Learn about a new co-authored textbook at the intersection of the humanities and sustainability studies, edited by Kelly Comfort, director of undergraduate studies and professor of Spanish in the School of Modern Languages. Registration requested. 

Event Details

1 p.m.: Opening remarks by the editor on the intersection of the global humanities and the UN SDGs

1:05 p.m.: Lightning talks from the chapter authors about their chosen global humanities text and its intersection with the UN SDGs

1:30 p.m.: Overview of the “Think Global, Act Local: Partnerships and Projects (SDG 17)” concluding chapter with sample final assignments

1:35 p.m.: Q&A with the book’s co-contributors and free book giveaways

An open-access version of the book's introductory chapter, "A Global Humanities Approach to the United Nations' Sustainable Development Goals (SDGs) and Education for Sustainable Development (ESD)" is available from Routledge Taylor & Francis Group.

Book Description

This edited textbook explores the 17 UN SDGs through 12 works from the humanities, including films, novels, and photographic collections. It provides students with the knowledge and understanding of how the humanities engage in broader social, political, economic, and environmental dialogue, offering a global perspective that crosses national and continental borders.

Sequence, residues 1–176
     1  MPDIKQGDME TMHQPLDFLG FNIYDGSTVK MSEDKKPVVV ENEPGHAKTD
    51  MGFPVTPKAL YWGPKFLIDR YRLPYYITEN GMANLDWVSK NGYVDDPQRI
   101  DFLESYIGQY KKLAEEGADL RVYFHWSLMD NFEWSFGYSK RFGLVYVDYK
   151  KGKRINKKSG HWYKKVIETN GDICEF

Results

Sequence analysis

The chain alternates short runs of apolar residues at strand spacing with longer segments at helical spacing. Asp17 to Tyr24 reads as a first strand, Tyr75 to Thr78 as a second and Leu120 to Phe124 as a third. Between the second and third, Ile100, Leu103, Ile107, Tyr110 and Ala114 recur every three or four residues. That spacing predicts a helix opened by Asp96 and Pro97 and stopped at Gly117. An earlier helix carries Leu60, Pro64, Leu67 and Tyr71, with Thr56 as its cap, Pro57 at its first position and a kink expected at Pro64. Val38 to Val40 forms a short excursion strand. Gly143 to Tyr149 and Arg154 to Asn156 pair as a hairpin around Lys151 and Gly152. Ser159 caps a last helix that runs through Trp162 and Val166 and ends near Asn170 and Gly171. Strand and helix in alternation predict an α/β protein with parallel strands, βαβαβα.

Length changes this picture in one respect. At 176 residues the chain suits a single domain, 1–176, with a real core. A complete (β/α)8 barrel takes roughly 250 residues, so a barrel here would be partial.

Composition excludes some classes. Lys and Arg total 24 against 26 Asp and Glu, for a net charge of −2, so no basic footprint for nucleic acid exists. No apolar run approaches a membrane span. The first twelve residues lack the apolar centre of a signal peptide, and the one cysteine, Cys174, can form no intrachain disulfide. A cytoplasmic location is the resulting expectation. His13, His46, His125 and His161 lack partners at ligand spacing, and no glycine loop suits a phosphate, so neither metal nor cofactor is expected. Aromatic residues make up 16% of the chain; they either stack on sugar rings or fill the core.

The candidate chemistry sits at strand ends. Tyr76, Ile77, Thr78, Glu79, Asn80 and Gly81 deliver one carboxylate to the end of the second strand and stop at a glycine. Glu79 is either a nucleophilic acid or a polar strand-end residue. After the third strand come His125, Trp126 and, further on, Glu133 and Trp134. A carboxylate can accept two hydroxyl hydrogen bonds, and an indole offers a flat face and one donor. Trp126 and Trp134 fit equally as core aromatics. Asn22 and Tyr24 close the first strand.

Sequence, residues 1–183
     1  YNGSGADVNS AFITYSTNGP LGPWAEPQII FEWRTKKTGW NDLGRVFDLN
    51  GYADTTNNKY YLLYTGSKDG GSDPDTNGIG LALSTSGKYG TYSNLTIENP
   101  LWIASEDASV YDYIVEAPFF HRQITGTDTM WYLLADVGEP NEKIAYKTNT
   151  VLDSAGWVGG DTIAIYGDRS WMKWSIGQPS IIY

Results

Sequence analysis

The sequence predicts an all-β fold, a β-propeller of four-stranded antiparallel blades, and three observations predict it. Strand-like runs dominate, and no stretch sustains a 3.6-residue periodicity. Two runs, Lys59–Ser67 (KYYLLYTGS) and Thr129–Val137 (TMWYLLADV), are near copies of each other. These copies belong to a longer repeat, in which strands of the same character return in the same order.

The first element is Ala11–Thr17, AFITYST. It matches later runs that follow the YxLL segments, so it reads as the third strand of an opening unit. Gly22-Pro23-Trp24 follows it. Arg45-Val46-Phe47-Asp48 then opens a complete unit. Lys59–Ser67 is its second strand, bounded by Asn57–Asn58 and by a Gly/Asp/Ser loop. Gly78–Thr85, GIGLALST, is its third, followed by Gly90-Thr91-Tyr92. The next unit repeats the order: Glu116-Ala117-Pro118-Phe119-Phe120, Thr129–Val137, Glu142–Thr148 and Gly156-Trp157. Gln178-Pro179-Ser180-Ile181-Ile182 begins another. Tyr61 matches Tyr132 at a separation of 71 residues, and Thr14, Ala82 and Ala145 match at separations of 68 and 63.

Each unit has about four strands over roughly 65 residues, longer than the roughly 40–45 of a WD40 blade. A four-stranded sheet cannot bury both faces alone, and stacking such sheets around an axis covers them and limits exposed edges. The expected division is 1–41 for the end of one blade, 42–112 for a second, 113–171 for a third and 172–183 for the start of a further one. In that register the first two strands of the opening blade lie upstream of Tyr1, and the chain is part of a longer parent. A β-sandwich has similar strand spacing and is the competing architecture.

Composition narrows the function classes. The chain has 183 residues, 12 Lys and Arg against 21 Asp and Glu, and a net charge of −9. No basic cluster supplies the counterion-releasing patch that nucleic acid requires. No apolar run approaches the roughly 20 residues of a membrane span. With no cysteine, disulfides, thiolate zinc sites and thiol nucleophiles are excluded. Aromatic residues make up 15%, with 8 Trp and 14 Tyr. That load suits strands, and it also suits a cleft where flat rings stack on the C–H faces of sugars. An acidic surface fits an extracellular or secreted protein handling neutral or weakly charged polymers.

The book takes students through the UN SDGs from a theoretical perspective through to practical applications, first through specific global humanities examples and then through students’ own final projects and reflections. Centered around three major themes of planet, people, and prosperity, the textbook encourages students to explore and apply the Goals using a place-based, culturally rooted approach while simultaneously acknowledging and understanding their global importance. The text’s examples range from documentary and feature film to photography and literature, including Wang Jiuliang’s Plastic China, Kip Andersen and Keegan Kuhn’s Cowspiracy: The Sustainability Secret, Barbara Dombrowski’s Tropic Ice: Dialog Between Places Affected by Climate Change, and Aravind Adiga’s The White Tiger, among others. Providing diverse geographic and cultural perspectives, the works take readers to Argentina, Australia, China, Costa Rica, Ecuador, France, Greenland, Haiti, India, Japan, Peru, Rwanda, Senegal, and the United States.

This broad textbook can be used by students and instructors at undergraduate and postgraduate levels from any subject background, particularly, but not exclusively, those in the humanities. With added discussion questions, research assignments, writing prompts, and creative project ideas, students will gain a nuanced understanding of the interconnectivity between social, cultural, ethical, political, economic, and environmental factors.